In summary, the study reported a terahertz composite plasmonic slabs based on double-layer metallic gratings and dielectric films. The slab exhibited two resonant modes and a broad bandgap. The origin of the resonant modes and the effects of the structural parameters on the resonant peaks were clarified. Moreover, the experiment results agreed well with the numerical results to confirm the feasibility of the study. In a statement to Advances in Engineering, Professor Lin Chen said the reported composite plasmonic slab is a potential candidate for the design of high-performance optoelectronic devices in the higher frequency regions.

Terahertz composite plasmonic slabs based on double-layer metallic gratings - Advances in Engineering

About the author

Lin Chen received the B.S. and M.S. degrees in electrical engineering from Southeast University in 2002 and 2005, and the Ph.D. degree in optics from Shanghai Jiao Tong University in 2008. From 2015 to 2016, He was a Visiting Researcher with Ultrafast THz Optoelectronic Laboratory, Oklahoma State University, Stillwater, OK, USA. He is currently the professor with the College of Optical-Electrical and Computer Engineering, University of Shanghai for Science and Technology.

He has published 19 patents and 70 peer reviewed papers in Science Citation Indexed journal, including one Highly Cited Paper (<1%) and Best of Advanced Optical Materials in 2017 (https://www.materialsviewschina.com/2018/03/28238/?from=timeline&isappinstalled=0).

He had been designated “Shu Guang” Scholar and Shanghai Top-Notch Young Talents, both in 2018. He is currently the Associate Editor of Frontiers in Physics, Guest Editor and Corresponding Expert of Frontiers of Information Technology & Electronic Engineering, and Editorial Board Member of American Journal of Optics and Photonics. His research interests include terahertz waveguides, metamaterials, and labs on chips.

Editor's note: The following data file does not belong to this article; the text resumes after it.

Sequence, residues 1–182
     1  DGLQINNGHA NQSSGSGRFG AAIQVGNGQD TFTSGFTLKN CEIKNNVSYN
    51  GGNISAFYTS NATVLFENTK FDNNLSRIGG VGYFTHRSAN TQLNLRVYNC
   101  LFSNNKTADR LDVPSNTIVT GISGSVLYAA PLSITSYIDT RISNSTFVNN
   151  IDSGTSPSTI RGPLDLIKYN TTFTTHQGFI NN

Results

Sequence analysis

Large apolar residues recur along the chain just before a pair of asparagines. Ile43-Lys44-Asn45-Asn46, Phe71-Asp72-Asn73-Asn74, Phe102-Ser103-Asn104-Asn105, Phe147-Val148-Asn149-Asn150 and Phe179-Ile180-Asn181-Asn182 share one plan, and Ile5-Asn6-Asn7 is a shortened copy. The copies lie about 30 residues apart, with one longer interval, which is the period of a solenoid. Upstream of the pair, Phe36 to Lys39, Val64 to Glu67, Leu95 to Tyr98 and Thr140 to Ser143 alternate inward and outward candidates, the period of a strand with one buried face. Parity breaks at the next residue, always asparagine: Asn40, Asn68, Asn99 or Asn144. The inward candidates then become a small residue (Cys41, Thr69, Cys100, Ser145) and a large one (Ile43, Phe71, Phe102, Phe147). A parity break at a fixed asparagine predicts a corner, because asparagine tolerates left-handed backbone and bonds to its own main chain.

About the author

Dejun Liu received the M. S. degree from Shanghai University, China in 2016, and the Ph. D. degree in the Department of Applied Physics from University of Tsukuba, Japan in 2019. In October 2019, He joined the department of physics, Shanghai Normal University, China.

Dr. Dejun Liu has published more than 20 SCI papers in international journals including Optics Express and Applied Physics Express. Currently, his research interests include Terahertz Astrophysics, Metamaterials, and Sensing.

About the author

Feng Liu received his B. S. degree in physics and Ph. D. degree in condensed matter physics from Fudan University, China in 2002 and 2008, respectively. During 2012-2013, he visited the materials science and engineering school in University of Pennsylvania, US as a post Dr. Now he is a professor of physics department at Shanghai Normal University, China.

Professor Liu’s research interests include Plasmonics, Photonics, Sub-mm astrophysics with emphasis on the SIS receivers. He has published over 70 peer-reviewed journal papers and serves as a referee in over 10 SCI journals.


Liu, D., Chen, L., Wu, X., & Liu, F. (2020). Terahertz composite plasmonic slabs based on double-layer metallic gratingsOptics Express, 28(12), 18212.

Go To Optics Express